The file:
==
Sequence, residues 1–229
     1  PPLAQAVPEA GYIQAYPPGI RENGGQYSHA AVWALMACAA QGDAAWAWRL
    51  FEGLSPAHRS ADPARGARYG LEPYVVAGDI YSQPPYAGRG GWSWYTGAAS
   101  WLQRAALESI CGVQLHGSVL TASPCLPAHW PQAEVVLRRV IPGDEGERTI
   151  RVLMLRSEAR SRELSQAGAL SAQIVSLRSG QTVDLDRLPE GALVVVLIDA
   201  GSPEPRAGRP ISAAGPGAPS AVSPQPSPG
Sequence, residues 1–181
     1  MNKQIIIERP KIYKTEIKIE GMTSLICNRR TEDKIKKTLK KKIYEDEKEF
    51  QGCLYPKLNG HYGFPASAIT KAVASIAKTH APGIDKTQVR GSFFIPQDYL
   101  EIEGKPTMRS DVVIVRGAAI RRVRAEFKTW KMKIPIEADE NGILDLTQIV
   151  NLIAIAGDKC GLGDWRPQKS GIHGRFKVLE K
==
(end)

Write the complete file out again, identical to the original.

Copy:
Sequence, residues 1–229
     1  PPLAQAVPEA GYIQAYPPGI RENGGQYSHA AVWALMACAA QGDAAWAWRL
    51  FEGLSPAHRS ADPARGARYG LEPYVVAGDI YSQPPYAGRG GWSWYTGAAS
   101  WLQRAALESI CGVQLHGSVL TASPCLPAHW PQAEVVLRRV IPGDEGERTI
   151  RVLMLRSEAR SRELSQAGAL SAQIVSLRSG QTVDLDRLPE GALVVVLIDA
   201  GSPEPRAGRP ISAAGPGAPS AVSPQPSPG
Sequence, residues 1–181
     1  MNKQIIIERP KIYKTEIKIE GMTSLICNRR TEDKIKKTLK KKIYEDEKEF
    51  QGCLYPKLNG HYGFPASAIT KAVASIAKTH APGIDKTQVR GSFFIPQDYL
   101  EIEGKPTMRS DVVIVRGAAI RRVRAEFKTW KMKIPIEADE NGILDLTQIV
   151  NLIAIAGDKC GLGDWRPQKS GIHGRFKVLE K